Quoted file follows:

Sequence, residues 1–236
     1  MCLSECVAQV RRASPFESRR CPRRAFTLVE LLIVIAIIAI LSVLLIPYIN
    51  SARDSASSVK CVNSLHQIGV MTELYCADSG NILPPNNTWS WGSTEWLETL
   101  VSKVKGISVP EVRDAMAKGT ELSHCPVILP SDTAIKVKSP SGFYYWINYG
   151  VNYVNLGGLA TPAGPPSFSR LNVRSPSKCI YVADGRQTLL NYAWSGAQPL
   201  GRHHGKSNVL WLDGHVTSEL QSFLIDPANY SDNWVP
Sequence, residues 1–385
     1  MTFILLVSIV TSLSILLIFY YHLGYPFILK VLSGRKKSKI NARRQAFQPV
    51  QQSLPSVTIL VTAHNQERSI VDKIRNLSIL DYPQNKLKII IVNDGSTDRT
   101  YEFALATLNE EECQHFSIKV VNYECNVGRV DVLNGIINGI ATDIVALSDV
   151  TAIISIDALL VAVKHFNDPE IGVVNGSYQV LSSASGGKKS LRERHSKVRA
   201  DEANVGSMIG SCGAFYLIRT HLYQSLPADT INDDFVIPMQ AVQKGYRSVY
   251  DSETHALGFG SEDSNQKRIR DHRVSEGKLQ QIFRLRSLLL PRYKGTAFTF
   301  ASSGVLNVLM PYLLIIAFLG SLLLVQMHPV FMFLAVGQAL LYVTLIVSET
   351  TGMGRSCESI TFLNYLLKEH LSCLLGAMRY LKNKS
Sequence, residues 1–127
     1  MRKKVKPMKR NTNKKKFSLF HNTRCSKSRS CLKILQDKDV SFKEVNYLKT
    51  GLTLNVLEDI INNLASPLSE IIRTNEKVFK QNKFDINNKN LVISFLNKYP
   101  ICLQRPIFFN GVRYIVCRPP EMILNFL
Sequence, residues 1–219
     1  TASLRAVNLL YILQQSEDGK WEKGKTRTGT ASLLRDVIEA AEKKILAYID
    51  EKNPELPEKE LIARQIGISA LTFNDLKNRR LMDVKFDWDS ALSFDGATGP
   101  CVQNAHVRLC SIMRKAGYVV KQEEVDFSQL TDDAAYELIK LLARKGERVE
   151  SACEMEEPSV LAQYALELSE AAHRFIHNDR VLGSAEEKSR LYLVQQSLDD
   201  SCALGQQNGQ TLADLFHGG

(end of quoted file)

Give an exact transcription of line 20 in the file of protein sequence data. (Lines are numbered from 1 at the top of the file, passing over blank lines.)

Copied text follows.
Sequence, residues 1–219